29 Addressing the Focus Areas Focus Area Maturity Model Table 3e contains the maturity model for focus area 3. Table 3e Maturity Model for Focus Area 3 Reporting of Errors and Incidents Maturity Level Level 1 Developing Capability The information from safety data collecting and processing system is not protected. No voluntary reporting system is in place. Inappropriate * use or no use is made of the report. *as defined in ICAO Annex 13, Attachment E, paragraph 1.5.c Level 2 Areas Identified for Improvement Level 3 Evolving Changes in work The information from safety data collecting and processing system is not protected but use of safety data is appropriate in most cases. No voluntary reports are submitted. Safety data are not always analyzed. Action is not taken in a systematic way to correct identified deficiencies. The principles of a just culture are widely accepted, but not fully implemented at the national and/or corporate level. The information from safety data collecting and processing system is protected. Mandatory reporting is efficient but voluntary reporting is limited to specific group of professionals. Safety data are analyzed, but action is not always taken. Level 4 Highly Evolved A just culture is implemented at the national and corporate level. The information from safety data collecting and processing system is properly protected. Safety data are actively collected at all levels of the industry. The safety data are used to the fullest extent to feed safety management systems, and for other safety purposes. Implementing the Global Aviation Safety Roadmap 2-15

30 Addressing the Focus Areas Focus Area 4 Ineffective Incident and Accident Investigation An accident or incident provides the opportunity for an in depth examination of both the causal factors leading up to the particular event and the broader questions concerning the underlying safety of an entire operation. When the investigation is done in a timely, thorough and independent way and the results and conclusions published in interim and final reports, the entire aviation community benefits from the lessons to be learned Objective 4a States that have not done so, implement ICAO Annex 13 principles and the introduction of, or access to, an adequately funded, professionally trained, independent and impartial investigative body. Action taken on safety recommendations. Independence, technical competence and sufficient resources to fully investigate events are necessary prerequisites to any successful investigation. Annex 13 principles apply to all aircraft investigations and, if followed, will generally result in an appropriate investigation. Table 4a Best Practices BP 4a-1 State Accident Investigators are independent. a. The State s safety accident investigators are organizationally independent from its Transportation authorities (from the Civil Aviation Authority (CAA)) and any other potential party to the investigation. b. Investigations are conducted functionally independent from political or other interference or pressure. Metrics a. USOAP AIG b. ICAO Annex 13 Paragraph 3.1; USOAP AIG Implementing the Global Aviation Safety Roadmap 2-16

31 Addressing the Focus Areas Table 4a Best Practices BP 4a-2 State issues safety recommendations. a. Following an investigation, States issue adequate safety recommendations and have established procedures to follow-up on the implementation of such recommendations. b. The recipients of safety recommendations have established a procedure to address the recommendations. c. The recipient of a safety recommendation informs the proposing State of the corrective action taken or under consideration or the reasons why no action is taken. d. Safety recommendations and action taken thereon are publicly available. BP 4a-3 States have access to trained accident investigators. a. States have access to a set of trained accident investigators, either internal investigators or from a regional or international/global source. b. As applicable, procedures have been established for delegation of accident investigations to other States or regional bodies. Metrics a. ICAO Annex 13, paragraph 6.8, and 6.9 USOAP AIG and b. USOAP AIG c. ICAO Annex 13 paragraph 6.10 d. Information is available on public Website a. ICAO Doc 9756 Part I b. USOAP AIG 6.033; AIG ; AIG BP 4a-4 States have implemented clear guidance on what to investigate. a. States have implemented clear guidance defining what to investigate and who it is to be notified both internal to the State and internationally. b. The State investigates all accidents and serious incidents that occur in its territory and over the high seas as the State of Registry. a. ICAO Annex 13, Paragraphs 4.1, 4.8, 5.1 and 5.3 b. Doc 9756, Part I. c. USOAP AIG 6.009, AIG 6.319, AIG Implementing the Global Aviation Safety Roadmap 2-17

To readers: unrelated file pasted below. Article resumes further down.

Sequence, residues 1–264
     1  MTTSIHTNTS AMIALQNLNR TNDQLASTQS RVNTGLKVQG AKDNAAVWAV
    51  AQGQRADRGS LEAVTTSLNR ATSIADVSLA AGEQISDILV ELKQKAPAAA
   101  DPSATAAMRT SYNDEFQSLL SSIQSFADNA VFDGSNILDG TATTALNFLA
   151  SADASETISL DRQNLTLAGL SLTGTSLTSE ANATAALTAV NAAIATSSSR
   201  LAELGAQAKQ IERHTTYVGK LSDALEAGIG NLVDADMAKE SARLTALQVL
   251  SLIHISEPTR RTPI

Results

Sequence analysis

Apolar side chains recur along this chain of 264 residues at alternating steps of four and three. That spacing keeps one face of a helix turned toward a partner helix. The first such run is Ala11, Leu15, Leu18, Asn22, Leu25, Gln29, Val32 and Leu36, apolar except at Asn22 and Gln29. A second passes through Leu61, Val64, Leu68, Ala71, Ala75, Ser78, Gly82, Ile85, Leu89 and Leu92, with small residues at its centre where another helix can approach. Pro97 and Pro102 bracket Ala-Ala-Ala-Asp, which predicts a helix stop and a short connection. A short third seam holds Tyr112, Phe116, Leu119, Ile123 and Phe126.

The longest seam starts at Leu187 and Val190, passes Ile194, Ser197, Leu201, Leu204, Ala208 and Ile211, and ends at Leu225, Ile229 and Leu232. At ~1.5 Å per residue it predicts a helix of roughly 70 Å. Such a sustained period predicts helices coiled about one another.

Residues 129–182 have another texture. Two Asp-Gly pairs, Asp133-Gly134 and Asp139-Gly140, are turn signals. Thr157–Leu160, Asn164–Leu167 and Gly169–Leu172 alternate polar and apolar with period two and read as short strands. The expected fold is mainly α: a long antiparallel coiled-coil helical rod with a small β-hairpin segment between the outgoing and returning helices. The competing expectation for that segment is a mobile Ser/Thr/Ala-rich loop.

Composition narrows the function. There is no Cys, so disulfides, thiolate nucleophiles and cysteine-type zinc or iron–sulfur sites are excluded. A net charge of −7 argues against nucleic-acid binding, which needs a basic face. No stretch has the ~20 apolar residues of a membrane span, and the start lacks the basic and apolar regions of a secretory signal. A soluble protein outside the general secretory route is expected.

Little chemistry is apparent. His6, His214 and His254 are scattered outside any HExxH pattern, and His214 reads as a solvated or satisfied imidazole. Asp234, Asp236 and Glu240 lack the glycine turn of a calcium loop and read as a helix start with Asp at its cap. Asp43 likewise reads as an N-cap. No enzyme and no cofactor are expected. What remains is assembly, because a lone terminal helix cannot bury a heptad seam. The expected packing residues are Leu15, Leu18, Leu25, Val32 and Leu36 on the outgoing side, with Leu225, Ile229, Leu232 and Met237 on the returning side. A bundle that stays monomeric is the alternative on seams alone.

32 Addressing the Focus Areas Table 4a Best Practices BP 4a-5 State has a defined process for allowing involved Parties to participate in an accident investigation. Metrics a. ICAO Annex 13, Paragraphs 5.18, 5.19, 5.20, 5.23 and b. USOAP AIG 6.033; AIG 6.109; AIG 6.365; AIG BP 4a-6 State has defined a rigorous and complete process for conducting an accident/incident investigation. BP 4a-7 State conducts its investigations and provides required reports in a timely manner. a. Interim recommendations are provided whenever appropriate. BP 4a-8 State has enacted appropriate legislation for the investigation of accidents and incidents. a. ICAO Doc 9756, Part I. b. USOAP AIG 6.301; AIG a. ICAO Annex 13, Paragraphs 6.5, 6.6 and 6.8. b. ICAO Doc 9756, Part IV. c. USOAP AIG and a. ICAO Annex 13, Paragraphs 5.1 and b. ICAO Doc 9756, Part I. BP 4a-9 States provide funding for accident and incident investigations. c. USOAP AIG a. ICAO Doc 9756, Part I. b. USOAP AIG 6.105; AIG Implementing the Global Aviation Safety Roadmap 2-18

33 Addressing the Focus Areas Objective 4b Institute legal framework for protection of safety data, with purpose of accident prevention, not assignment of blame. The principle of a just culture is inherent in the overall concept of safety best practices. At the most basic, it means that full cooperation is essential to a complete investigation. This cooperation will not be available if the sources of important data are not protected. Table 4b Best Practices BP 4b-1 States accident investigations are conducted for safety and not to appropriate blame. BP 4b-2 States protect safety data used during the accident investigation. BP 4b-3 States have defined an interface between normal operations reporting and accident/ incident reporting & investigation. Metrics a. ICAO Annex 13, Paragraphs 3.1 and b. ICAO Doc 9756, Part I c. USOAP AIG a. ICAO Annex 13, Paragraphs 5.12, and Attachment E b. USOAP AIG 6.029; AIG a. USOAP AIG 6.507; AIG 509 Implementing the Global Aviation Safety Roadmap 2-19